“Pôle Sud” Skating Rink
As an extension of the spirit of the 1968 Winter Olympic Games, the skating rink is a defining project for Grenoble. Nevertheless, the client was keen that it should also be an economical building. The response is a "high-density" project, a synthetic architecture that is both optimised and generous, compact, friendly and lively.
The skating rink is situated in the south of Grenoble, in a 1970s neighbourhood where the focus of urban planning was economic efficiency, and on cars to the exclusion of pedestrians. The public space is distended, undifferentiated and confused.
The project forms a rectangle, running along Avenue d’Innsbrück, which is one of Grenoble’s southern entries. The structure is designed to be simple and distinctive, and to tauten the layout of the avenue that signifies arrival in the city.
The programme comprises two skating rinks, one 3500 seater stadium for competition, and the other for public use.
The building’s shape is generated by the layout of the ice rinks, which determined the floor plan and the contours of the facades in a way that combines compactness and fluidity.
Around the main rink, the seating is arranged to form an arena close to the ice, with the entrance hall forming a concentric ring that follows the external outlines of the building.
The two ice rinks are positioned along a single axis, and all the elements of the programme are combined under a continuous roof structure. This forms a horizontal roofline at its edges, a marquee that holds the whole composition together.
This governing plane twists into a convex shell covering and increasing the height of the competition rink, and into a concave shell over the recreational rink. The roof forms a fifth facade, a relief-plan covered with inset aluminium strips (Kalzip).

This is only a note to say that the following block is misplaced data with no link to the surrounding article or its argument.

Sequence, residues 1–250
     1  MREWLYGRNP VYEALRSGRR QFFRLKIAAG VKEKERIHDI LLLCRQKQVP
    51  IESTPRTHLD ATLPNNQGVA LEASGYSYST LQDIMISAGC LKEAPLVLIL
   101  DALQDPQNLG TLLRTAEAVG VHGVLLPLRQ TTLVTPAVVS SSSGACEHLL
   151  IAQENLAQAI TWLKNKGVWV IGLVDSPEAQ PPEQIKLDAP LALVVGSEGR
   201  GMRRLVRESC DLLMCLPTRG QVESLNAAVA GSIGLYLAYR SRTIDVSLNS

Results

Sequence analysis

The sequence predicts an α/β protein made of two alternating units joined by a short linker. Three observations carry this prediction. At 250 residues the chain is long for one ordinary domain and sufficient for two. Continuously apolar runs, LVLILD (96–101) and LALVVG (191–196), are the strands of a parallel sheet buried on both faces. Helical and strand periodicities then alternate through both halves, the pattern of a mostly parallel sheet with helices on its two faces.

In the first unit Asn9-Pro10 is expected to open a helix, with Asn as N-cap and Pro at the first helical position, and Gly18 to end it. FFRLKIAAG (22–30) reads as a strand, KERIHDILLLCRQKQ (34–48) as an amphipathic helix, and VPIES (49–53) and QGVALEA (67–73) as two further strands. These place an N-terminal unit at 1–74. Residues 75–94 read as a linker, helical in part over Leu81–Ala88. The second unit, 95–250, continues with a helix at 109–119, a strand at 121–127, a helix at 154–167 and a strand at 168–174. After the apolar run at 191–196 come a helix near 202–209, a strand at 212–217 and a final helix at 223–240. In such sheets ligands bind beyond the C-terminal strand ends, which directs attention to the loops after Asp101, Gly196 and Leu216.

Inside there is a contrast between the raw materials of the structure – concrete seating, galvanised steel roof – and the colour range of the floors, stairways, seats, etc.: aniseed green, fuchsia, dark orange, turquoise blue, ultramarine.
The conceptual principle of the skating rink is semiotic minimalism: the image sought is one of understated significance, in poetic connection with the raw material of skating: ice.
The facades are like a vertical sheet of ice which unfurls in a flexible ribbon around the building, evoking the movement of the skaters, the fluidity and continuity of gliding. The ribbon moulds to the contours of the building, like a stocking stretched over contracting muscle. The "ice" effect is produced by the depth, the transparency, the vibration of matter.
This effect is achieved by means of a double facade, which will consist of one efficient, technical, industrial type surface, spray-painted on its outer side with blue-and-white graphics, and clad in a translucent polycarbonate ornamental skin. Between the two skins, lines of optical fibres will diffuse light to make the material "vibrate" and to accentuate the sense of depth at night.
The interior roof structure of the main rink is a very light latticework, made up of tubular steel sections 6 m long, intersecting to form a shell supported by posts, themselves linked by tie-rods. Together, the resulting vertical trapeziums form a sort of spatial "cushion", spanning a space measuring twenty four metres by fifty metres. The "cushion" is supported along its edges by oblong posts formed of two circular tubes connected by an HEA section. The posts are on rocker bearings, in other words jointed at the top and bottom to prevent motion being transmitted from the roof to the concrete podium block.
In order to optimise the number of spectator seats and the view, the upper seating levels, which are made of prefabricated concrete and form a ring around the stadium, are supported by metal consoles grafted onto the pillars.
The inner roof structure of the smaller ice rink is made of radiating triangulated beams that support the convex roof.
– Grenoble Alpes Métropole
– Territoire 38, client representative
11,850 m2 total floor area
€9.45 million excluding VAT
Avenue d’Innsbruck - Grenoble
Hérault Arnod Architectes, lead architect
Florent Bellet, project manager
Michel Forgue, economics
Nicolas, fluids / refrigeration
Won project 1998
Work began December 1999
Building delivered April 2001
Competition track 60 x 30 m and additional sports areas with 3500 seats
Recreational rink 56 x 26 m and additional spaces
Communal premises and shops
Total building capacity: 4999 people at one time